Interventions for preventing falls in Parkinson's disease

Falls and, eventually, fall-related injuries are a very serious problem for persons with Parkinson’s disease (PD): approximately 60% of them report at least one fall each year, and two-thirds of them report recurrent falls, with double the rates of general older population. Falls are associated with escalating healthcare costs and are major contributors to reduced health-related quality of life in PD patients. Some of the falls risk factors in PD, such as freezing of gait (i.e., an episodic inability to initiate or continue walking), balance deficits, mobility impairments, and lower-limb muscle strength deficits, have the potential to be modified with exercise or pharmaceutical interventions. Thus, an increasing number of studies were designed to analyze different interventions to prevent falls in PD, but what is the evidence of their effects? 

A Cochrane review by Allen et al. has recently addressed this issue. Their search included only trials where participants with idiopathic PD who had been diagnosed by the UK Parkinson’s Disease Society Brain Bank criteria, or by a clinical definition, were randomly assigned either to the selected intervention or to a control group (randomized controlled trials, or RCTs). The considered interventions included exercise, medication, fall-prevention education, and exercise plus education combined, while interventions that aimed to reduce falls due to syncope (e.g., dizziness and fainting) were excluded. The addressed outcomes were the rate of falls and the number of people who fell at least once. Secondary outcomes included fall-related fractures, quality of life, adverse events, and economic outcomes. 

The review included 32 RCTs with 3,370 participants published up to July 16, 2020. Of these, 25 studies with 2,700 participants were exercise trials with different exercise programs, 12 of them comparing exercise with an intervention not thought to affect falls. Three studies with 242 participants were in medication trials. One study with 53 participants was an education trial. Three studies with 375 participants were exercise-plus-education trials. Overall, the exercise and exercise-plus-education studies included people with mild to moderate PD. As to the quality of the evidence, all studies had a high or unclear risk of bias in at least one area. Exercise trials provided moderate-certainty evidence that exercise reduces the number of falls by around 26% and slightly reduces the number of people experiencing one or more falls by around 10%. There also is low-certainty evidence that exercise slightly improves health-related quality of life immediately after the exercise program, but it is uncertain whether it reduces fall-related fractures. As to pharmacological interventions, all three studies investigated cholinesterase inhibitors, which address the central nervous system cholinergic neuron loss associated with PD and may reduce falls by enhancing cognitive and attentional resources and/or reducing gait variability contributing to falls. These studies provided low-certainty evidence that a cholinesterase inhibitor, compared with placebo medication, may reduce the rate of falls by around 50%; however, the same medication may also increase the number of non-fall-related adverse events, though predominantly mild or transient, by around 60%. The one study comparing education alone with a control intervention provided very low-certainty evidence that the intervention makes little or no difference in the number of people who fell at least once, while three studies that compared exercise-plus-education with a control group provided very low-certainty evidence that this combined intervention makes little or no difference to the number of falls, the number of people sustaining fall-related fractures, or health-related quality of life and low-certainty evidence that it may make little or no difference to the number of people experiencing one or more falls. Overall, few studies included economic measures, and those evaluations used different methods, perspectives, time horizons, and cost items, making it difficult to compare economic results across studies and intervention types.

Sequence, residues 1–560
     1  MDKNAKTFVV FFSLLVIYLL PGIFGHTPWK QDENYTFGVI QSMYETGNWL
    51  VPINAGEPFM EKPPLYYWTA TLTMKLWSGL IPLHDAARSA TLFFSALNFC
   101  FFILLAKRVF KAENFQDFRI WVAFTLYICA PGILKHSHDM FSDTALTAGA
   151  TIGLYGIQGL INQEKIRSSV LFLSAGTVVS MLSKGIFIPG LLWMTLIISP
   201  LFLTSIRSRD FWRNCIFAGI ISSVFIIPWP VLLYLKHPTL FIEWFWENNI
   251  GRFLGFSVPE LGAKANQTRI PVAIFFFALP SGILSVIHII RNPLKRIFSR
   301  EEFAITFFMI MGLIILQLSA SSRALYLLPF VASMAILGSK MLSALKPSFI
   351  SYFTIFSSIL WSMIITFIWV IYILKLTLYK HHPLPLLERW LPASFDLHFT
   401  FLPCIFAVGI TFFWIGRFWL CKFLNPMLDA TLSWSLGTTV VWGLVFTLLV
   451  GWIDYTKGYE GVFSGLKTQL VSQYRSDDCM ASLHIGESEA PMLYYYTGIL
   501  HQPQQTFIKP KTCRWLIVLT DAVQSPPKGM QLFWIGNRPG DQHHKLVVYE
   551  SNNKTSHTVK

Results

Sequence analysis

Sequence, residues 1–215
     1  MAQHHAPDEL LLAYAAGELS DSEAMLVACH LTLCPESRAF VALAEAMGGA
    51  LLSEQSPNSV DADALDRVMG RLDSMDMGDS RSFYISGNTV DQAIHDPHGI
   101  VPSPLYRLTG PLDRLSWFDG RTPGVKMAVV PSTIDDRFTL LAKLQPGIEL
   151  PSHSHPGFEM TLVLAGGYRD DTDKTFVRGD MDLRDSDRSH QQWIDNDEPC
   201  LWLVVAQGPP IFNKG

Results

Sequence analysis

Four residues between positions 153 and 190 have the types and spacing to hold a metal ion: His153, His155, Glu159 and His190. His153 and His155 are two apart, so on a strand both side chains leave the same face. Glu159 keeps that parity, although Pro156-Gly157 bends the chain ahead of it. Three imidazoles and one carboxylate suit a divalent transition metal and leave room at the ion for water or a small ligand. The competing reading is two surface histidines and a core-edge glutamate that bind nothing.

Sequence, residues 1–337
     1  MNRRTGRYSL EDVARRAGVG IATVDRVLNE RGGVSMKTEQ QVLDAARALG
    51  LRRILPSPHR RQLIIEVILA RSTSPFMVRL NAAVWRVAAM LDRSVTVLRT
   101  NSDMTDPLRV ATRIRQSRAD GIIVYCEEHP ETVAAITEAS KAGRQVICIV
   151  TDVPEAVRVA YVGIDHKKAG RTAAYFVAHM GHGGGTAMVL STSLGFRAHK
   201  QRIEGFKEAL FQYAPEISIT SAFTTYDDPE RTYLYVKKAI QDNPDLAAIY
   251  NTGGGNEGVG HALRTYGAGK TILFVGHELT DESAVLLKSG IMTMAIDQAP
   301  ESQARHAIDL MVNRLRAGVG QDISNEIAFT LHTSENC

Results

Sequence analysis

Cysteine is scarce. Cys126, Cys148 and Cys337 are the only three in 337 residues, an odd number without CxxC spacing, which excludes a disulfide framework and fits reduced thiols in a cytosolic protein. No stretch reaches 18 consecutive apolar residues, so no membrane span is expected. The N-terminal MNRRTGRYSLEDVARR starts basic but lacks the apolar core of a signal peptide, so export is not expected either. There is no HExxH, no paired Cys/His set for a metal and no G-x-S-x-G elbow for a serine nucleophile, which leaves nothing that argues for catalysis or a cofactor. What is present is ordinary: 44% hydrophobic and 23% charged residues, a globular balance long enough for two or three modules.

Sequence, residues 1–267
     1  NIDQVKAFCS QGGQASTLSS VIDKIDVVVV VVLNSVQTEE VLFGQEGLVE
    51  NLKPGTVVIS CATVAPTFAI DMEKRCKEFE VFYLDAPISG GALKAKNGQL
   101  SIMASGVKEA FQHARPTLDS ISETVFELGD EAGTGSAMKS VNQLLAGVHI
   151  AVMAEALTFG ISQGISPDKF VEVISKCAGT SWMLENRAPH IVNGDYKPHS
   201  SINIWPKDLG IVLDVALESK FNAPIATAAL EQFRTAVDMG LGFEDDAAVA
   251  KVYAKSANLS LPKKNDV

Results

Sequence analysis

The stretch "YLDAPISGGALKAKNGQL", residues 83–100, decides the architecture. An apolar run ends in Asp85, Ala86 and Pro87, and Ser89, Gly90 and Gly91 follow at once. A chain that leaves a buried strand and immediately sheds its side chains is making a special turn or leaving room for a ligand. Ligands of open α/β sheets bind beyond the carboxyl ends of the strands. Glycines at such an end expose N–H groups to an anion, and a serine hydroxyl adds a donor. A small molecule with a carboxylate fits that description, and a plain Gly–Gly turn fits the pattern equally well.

The authors thus conclude that exercise interventions probably reduce the rate of falls, and probably slightly reduce the number of people falling in people with mild to moderate PD. However, further high-quality research is needed to determine the relative impact of different exercise programs on falls and how disease severity may modulate them. As to pharmacological interventions, cholinesterase inhibitors may reduce the rate of falls, but their effect on the number of people falling is uncertain, and the decision to use these medications needs to take into account the risk of non-fall-related adverse events. Both the effects of medication and of fall-prevention education interventions, whether or not combined with exercise, also deserve further investigation. 

Francesca Cecchi